For example, Variety reported in February 1948 that three-dozen Mutual programs were not being cleared by WOR, with another half-dozen or so airing on a delayed basis. What's more, it was reported that Don Lee head Lewis Allen Weiss forced Mutual to put right-wing commentator Upton Close on the network's schedule in 1946, while turning thumbs-down on more moderate-to-liberal mouthpieces like Arthur Gaeth, Cecil Brown, and former New York City mayor Fiorello La Guardia - thereby denying them (and Mutual) a Pacific Coast audience.
With either WOR, Chicago's WGN or Don Lee passing on a program, it was difficult - if not impossible - to guarantee a national audience for an advertiser, and sponsors sometimes yanked their Mutual programs because key markets could not be guaranteed.
For its part, WOR had a ready answer to Mutual's gripes: its local shows got ratings - and sponsors. The November-December 1947 Hoopers showed WOR with twelve of the 16 most popular local shows; the December Pulse ratings for New York local originations gave WOR the top two shows, and eight of the top 20. What's more, the station ended 1947 with its biggest year, sales-wise. Let other New York flagships be network spigots, WOR figured; it would be more than happy to fill the local void.
WOR added to its case in 1949 with a study showing that ratings for sponsored network programs averaged 23.5% less in New York than the network Hooperating. For instance, Mutual's premiere daytime offering - "Queen for a Day" - had a Hooper rating in New York that was 41.7 percent less than its network rating, its Sunday "House of Mystery" rated 26.3 percent lower in New York. But the reverse could also be true: Mutual's William Shirer commentary scored a New York rating 32.1% higher than its network numbers, and its "American Forum of the Air" bested its cross-country Hooper by 62.5%.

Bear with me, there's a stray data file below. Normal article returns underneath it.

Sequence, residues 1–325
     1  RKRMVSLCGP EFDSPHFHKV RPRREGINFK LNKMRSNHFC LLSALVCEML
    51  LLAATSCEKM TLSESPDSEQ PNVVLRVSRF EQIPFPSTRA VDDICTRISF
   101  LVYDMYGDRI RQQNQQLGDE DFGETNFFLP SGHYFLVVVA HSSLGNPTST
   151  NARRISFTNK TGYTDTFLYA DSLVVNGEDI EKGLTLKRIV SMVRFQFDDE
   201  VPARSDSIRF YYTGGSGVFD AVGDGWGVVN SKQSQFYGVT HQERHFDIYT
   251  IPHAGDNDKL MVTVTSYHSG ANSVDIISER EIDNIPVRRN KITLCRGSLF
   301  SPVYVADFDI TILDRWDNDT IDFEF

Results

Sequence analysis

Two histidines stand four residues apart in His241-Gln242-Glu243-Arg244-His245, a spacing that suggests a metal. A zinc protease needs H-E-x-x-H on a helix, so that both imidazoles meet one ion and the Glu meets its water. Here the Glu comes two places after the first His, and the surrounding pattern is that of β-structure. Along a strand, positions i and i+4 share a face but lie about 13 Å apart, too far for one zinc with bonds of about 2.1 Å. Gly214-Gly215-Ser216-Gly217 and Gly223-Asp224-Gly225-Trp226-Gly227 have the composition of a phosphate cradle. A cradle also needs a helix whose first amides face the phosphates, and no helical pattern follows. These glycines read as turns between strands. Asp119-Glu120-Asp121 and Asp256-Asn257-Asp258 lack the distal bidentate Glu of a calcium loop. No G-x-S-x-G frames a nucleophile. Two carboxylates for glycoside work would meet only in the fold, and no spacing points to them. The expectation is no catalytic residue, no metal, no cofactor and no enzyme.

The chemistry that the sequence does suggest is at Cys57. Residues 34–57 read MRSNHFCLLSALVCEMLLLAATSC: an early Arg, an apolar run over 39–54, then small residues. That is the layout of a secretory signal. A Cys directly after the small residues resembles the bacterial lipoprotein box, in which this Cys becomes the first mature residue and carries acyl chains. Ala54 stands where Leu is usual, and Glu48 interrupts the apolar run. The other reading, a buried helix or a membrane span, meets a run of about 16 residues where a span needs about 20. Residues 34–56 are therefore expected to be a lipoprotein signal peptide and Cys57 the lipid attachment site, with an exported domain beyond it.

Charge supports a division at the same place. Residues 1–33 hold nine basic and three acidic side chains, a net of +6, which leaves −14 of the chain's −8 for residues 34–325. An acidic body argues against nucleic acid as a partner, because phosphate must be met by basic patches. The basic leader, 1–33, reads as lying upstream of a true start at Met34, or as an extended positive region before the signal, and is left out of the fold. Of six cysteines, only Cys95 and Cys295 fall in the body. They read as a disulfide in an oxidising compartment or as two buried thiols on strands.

WOR's research director, Robert Hoffman, said the purpose of the study was to stimulate local sales: "We certainly don't want to keep anybody from buying time on Mutual. The study simply shows that an advertiser may miss out in the biggest market in the country if he doesn't supplement his network coverage with local radio."
In WOR's defense, MBS' program lineup was obviously weak. Aside from the Sunday mysteries, the late-afternoon kid strips, "Queen for a Day," its roster of commentators and a healthy sports schedule, Mutual's programming didn't offer a lot. Daytime was a prime example: while NBC, CBS and ABC's schedules were virtually sold out, Mutual had only ten sponsored quarter-hours, six were co-op and 21 were sustaining.